Baylor Sciences Building On Schedule, Despite Fire
A portion of the under-construction Baylor Sciences Building was damaged by an early morning fire today (Friday, Oct. 31), but an early assessment by university and Beck Construction officials showed the damage to be less substantial than first thought.
President Robert B. Sloan Jr., who toured the area this morning, said it appears that the building's schedule will not be affected by the fire. The $103-million, 500,000-square-foot building is expected to be open for classes in fall 2004, with faculty moving into the new space during the summer.
Sloan described Beck officials as "greatly relieved" after the preliminary assessment.
"They will continue to assess the structural integrity of the building's various elements, but so far, it appears the damage was not nearly what they originally feared," Sloan said.
No one was injured in the fire.
Ten Waco fire units were called to the scene about 4:22 a.m. Firefighters were able to contain the fire in the hub area between the D Wing (nearest Waco Creek) and the E Wing (middle wing). The fire, which investigators said might have been started by a temporary electrical source, was isolated to the fifth floor, which is unoccupied space. A firewall in the roof of the fourth floor kept the fire from spreading to the lower floors of the building.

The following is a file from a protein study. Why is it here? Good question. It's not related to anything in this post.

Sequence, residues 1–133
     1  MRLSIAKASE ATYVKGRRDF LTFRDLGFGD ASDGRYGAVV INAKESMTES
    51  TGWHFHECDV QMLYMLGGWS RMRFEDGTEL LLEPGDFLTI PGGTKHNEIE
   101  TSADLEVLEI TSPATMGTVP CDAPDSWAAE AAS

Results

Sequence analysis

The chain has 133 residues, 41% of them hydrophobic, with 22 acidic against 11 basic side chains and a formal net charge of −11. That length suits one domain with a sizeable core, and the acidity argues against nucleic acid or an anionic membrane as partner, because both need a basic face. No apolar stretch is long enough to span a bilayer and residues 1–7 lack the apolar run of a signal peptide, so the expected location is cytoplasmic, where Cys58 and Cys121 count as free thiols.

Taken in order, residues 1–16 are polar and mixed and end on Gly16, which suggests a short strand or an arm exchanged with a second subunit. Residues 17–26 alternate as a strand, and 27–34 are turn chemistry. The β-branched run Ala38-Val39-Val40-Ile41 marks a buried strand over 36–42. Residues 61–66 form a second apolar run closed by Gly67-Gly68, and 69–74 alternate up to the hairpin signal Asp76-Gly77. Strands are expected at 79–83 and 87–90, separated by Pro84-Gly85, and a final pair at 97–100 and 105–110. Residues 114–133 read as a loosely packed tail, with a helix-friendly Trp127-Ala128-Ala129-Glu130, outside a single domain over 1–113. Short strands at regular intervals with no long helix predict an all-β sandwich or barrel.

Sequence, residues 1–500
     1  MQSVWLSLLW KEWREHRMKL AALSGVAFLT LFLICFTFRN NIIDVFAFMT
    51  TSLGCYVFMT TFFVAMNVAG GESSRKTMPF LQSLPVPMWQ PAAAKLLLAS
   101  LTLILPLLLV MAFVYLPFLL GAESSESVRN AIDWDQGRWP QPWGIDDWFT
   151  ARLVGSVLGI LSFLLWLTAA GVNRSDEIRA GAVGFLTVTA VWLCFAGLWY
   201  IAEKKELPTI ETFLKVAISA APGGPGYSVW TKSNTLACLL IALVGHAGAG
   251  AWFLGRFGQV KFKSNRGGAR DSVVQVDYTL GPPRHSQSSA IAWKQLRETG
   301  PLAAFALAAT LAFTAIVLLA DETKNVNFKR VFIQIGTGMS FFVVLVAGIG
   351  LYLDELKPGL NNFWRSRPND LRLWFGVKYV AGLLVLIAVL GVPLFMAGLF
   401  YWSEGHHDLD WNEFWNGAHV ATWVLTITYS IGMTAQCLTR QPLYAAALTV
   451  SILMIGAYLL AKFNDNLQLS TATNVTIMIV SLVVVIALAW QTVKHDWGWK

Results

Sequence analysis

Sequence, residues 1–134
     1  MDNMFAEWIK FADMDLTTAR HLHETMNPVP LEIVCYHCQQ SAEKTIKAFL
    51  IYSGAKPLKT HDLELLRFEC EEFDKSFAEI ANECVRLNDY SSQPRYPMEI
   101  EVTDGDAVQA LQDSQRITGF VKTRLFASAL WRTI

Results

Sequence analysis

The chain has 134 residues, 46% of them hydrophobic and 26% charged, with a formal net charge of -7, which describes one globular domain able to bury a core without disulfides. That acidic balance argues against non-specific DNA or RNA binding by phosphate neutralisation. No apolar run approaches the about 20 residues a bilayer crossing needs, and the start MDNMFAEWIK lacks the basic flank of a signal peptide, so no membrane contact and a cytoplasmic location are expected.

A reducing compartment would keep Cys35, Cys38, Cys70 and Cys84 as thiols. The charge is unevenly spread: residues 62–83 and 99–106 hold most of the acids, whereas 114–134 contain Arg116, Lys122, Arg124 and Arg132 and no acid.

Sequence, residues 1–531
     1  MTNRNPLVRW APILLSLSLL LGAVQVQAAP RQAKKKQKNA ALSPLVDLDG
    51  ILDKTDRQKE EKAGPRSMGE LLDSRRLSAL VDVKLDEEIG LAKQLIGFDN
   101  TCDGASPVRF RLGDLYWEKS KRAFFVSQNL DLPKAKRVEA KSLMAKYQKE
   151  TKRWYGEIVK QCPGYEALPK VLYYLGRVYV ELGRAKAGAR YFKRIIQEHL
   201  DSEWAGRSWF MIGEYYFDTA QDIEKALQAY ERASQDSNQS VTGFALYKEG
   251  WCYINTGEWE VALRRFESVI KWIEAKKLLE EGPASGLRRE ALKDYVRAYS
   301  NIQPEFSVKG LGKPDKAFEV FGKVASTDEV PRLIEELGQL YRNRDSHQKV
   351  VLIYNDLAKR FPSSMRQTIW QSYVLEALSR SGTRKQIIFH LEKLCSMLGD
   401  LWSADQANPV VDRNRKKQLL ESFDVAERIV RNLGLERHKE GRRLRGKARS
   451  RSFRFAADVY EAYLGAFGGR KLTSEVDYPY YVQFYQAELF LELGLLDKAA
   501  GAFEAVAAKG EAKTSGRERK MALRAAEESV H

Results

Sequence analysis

The Baylor Sciences Building is the largest construction project in the university's history. The new building will consolidate the five major science departments currently located in Sid Richardson and Marrs McLean science buildings, which were built 30 years ago when Baylor was half its present size.
The D Wing contains research and teaching lab space for biology and neuroscience. The E Wing includes space for interdisciplinary programs, such as pre-health programs and research centers on molecular biosciences, drug discovery and aquatic research. The F Wing, which was not affected by the fire, will house chemistry, physics and geology.
At this time, firefighters are using thermal sensors to find any remaining hot spots, and about 100 restoration workers are already inside the building beginning cleanup work. Construction work continues this morning on parts of the building unaffected by the fire.